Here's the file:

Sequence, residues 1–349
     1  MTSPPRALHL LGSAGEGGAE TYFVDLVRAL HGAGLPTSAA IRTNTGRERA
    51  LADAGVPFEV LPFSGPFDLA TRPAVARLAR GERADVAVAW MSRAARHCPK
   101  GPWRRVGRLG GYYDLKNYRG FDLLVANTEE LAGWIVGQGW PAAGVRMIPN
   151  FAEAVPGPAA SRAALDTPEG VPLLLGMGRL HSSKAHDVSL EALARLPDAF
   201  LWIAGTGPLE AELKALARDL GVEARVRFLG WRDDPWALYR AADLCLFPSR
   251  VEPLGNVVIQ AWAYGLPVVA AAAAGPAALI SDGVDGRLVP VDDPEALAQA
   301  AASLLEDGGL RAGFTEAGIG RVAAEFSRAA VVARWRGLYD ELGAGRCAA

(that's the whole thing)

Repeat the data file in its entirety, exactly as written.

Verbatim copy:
Sequence, residues 1–349
     1  MTSPPRALHL LGSAGEGGAE TYFVDLVRAL HGAGLPTSAA IRTNTGRERA
    51  LADAGVPFEV LPFSGPFDLA TRPAVARLAR GERADVAVAW MSRAARHCPK
   101  GPWRRVGRLG GYYDLKNYRG FDLLVANTEE LAGWIVGQGW PAAGVRMIPN
   151  FAEAVPGPAA SRAALDTPEG VPLLLGMGRL HSSKAHDVSL EALARLPDAF
   201  LWIAGTGPLE AELKALARDL GVEARVRFLG WRDDPWALYR AADLCLFPSR
   251  VEPLGNVVIQ AWAYGLPVVA AAAAGPAALI SDGVDGRLVP VDDPEALAQA
   301  AASLLEDGGL RAGFTEAGIG RVAAEFSRAA VVARWRGLYD ELGAGRCAA